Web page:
LINCOLN — State officials have found a way to continue Medicaid-funded services for some children with disabilities who lost coverage this year.
The option may help children like 4-year-old Claire Aschoff of Blair, who was dropped from a special Medicaid waiver program for disabled children and adults on Aug. 1. She lost coverage after state officials determined she did not meet new eligibility standards.
Now the Nebraska Department of Health and Human Services is offering to transfer Claire, and children like her, to a different Medicaid waiver, one designed for people with developmental disabilities.
Bridget Aschoff, Claire’s mother, called the offer “huge” for the family and its finances. But she’s not celebrating until her daughter is approved for the new coverage.
“I’m excited but I’m also nervous,” she said. “Until it actually happens, I’m going to be a little cautious.”
The offer is open to children who have been covered by the waiver for disabled children and adults but who no longer qualify under the standards that took effect Jan. 1.
Courtney Miller, director of developmental disability services at HHS, said funding will follow those children from one waiver to the other. That means they will not cut in line ahead of people currently waiting for developmental disability services.
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Both waivers are intended to keep adults and children out of nursing homes and other institutions. They can pay for health care services and long-term supports, such as respite care, special formulas and home modifications, that may not be offered under traditional Medicaid.
Under both, children must be disabled enough that they could be admitted to an institution — a pediatric nursing facility for one waiver, an intermediate care facility for the developmentally disabled for the other.
Miller said state officials began exploring the transfer option a few months ago. It took time to ensure it was allowed under state and federal laws and regulations and would not affect the developmental disability services waiting list.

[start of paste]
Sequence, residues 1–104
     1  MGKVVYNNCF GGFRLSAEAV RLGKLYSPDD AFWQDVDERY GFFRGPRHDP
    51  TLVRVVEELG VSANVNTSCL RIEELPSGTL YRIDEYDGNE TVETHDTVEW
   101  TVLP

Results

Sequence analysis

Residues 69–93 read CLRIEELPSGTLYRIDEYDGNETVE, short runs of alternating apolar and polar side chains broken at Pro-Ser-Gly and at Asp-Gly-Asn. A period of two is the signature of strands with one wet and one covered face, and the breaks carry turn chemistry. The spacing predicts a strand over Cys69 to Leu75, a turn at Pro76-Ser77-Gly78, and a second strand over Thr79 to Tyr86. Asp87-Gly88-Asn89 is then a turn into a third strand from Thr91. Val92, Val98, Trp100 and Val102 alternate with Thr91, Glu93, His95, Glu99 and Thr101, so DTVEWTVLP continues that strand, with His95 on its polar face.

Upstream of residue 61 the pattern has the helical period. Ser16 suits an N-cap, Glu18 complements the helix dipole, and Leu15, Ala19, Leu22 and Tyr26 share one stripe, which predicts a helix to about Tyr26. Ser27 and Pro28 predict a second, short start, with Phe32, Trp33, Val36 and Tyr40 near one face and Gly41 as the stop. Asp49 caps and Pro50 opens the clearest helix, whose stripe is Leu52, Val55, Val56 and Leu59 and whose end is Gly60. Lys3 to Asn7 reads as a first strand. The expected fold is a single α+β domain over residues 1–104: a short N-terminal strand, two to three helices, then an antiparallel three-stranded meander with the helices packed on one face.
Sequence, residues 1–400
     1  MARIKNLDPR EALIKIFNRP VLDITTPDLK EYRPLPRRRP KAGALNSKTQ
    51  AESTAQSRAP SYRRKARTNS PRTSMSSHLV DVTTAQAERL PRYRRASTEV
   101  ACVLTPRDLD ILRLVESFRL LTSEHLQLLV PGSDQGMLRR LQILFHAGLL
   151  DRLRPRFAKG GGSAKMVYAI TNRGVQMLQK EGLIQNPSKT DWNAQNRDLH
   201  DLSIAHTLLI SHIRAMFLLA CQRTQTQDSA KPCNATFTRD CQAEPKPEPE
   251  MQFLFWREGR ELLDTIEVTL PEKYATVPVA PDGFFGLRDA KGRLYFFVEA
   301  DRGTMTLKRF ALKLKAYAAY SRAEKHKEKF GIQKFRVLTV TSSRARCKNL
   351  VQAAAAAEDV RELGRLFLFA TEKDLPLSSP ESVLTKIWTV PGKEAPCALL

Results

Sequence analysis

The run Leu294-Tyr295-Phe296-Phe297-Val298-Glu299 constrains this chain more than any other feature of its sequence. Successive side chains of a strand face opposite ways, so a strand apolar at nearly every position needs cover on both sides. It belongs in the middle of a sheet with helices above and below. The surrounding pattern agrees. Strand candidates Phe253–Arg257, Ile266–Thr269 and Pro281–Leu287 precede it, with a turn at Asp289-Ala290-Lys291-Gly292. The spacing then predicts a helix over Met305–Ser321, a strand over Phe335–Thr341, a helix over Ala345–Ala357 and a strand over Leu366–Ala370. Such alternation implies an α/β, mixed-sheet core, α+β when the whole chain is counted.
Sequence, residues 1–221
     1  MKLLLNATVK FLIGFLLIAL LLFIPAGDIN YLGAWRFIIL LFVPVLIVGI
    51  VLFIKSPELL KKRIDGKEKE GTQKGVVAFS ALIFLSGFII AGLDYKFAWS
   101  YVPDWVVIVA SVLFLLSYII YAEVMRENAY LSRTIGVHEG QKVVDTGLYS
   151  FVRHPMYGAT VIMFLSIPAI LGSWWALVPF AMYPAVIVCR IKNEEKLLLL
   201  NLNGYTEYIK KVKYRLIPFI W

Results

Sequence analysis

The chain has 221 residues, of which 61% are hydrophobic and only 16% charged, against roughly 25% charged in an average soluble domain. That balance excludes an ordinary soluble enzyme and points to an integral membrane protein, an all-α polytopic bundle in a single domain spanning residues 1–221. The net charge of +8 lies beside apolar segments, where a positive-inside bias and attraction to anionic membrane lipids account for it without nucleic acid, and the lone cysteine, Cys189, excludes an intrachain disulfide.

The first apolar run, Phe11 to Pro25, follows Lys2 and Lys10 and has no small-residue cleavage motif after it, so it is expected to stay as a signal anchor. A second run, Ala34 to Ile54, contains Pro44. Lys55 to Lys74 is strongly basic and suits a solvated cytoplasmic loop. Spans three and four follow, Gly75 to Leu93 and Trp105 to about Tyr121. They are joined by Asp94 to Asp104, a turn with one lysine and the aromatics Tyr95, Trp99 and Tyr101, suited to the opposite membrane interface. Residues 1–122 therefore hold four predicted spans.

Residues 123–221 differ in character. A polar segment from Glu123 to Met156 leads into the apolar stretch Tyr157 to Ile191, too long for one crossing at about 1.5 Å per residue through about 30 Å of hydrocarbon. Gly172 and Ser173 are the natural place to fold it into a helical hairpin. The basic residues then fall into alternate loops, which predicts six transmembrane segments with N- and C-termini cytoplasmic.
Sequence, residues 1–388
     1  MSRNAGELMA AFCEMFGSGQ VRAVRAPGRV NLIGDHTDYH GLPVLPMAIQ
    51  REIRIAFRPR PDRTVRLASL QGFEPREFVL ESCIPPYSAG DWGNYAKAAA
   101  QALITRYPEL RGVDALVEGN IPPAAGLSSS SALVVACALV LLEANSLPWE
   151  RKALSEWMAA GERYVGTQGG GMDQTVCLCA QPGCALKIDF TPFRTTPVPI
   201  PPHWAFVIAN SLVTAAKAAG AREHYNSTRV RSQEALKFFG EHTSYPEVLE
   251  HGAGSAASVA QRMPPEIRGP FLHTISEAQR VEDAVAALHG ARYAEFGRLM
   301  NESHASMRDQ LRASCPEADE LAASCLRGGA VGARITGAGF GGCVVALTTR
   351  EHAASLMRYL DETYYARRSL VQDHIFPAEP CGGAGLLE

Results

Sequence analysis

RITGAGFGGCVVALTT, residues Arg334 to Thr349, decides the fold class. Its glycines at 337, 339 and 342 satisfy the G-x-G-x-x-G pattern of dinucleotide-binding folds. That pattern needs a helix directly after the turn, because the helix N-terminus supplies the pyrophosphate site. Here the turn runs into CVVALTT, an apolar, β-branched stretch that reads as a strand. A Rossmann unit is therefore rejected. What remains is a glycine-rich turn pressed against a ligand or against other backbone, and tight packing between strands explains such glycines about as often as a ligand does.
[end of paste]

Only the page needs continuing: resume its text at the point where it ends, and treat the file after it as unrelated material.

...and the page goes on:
She said she has offered the option to families of the 28 children found ineligible for the waiver for disabled children and adults so far. Others are expected to be found ineligible in the coming months as the state resumes eligibility reevaluations.
The state has reevaluated 210 children so far this year but the evaluations were suspended for six months because of the widespread spring flooding.
Edison McDonald, executive director for the arc of Nebraska, praised the state’s action.
“It’s going to be great news for a whole bunch of them,” he said. “This determination will definitely save some lives.”
But he cautioned that not all children who lose eligibility for one waiver will qualify under the other.
He estimated that, of children found ineligible for the waiver covering disabled children and adults, about 20% to 30% would not meet the state’s definition of developmental disability.
Nor will the transfer option help future children who have disabilities that are not severe enough to qualify for the waiver covering disabled children and adults. Those children will have to get on the waiting list for developmental disability services.
More than 2,300 people already are on that list, with the oldest application dating back to 2012.
“There are huge gaps and holes in our Medicaid system and this is one of the gaps,” McDonald said. “It’s a temporary solution and a short-term fix.”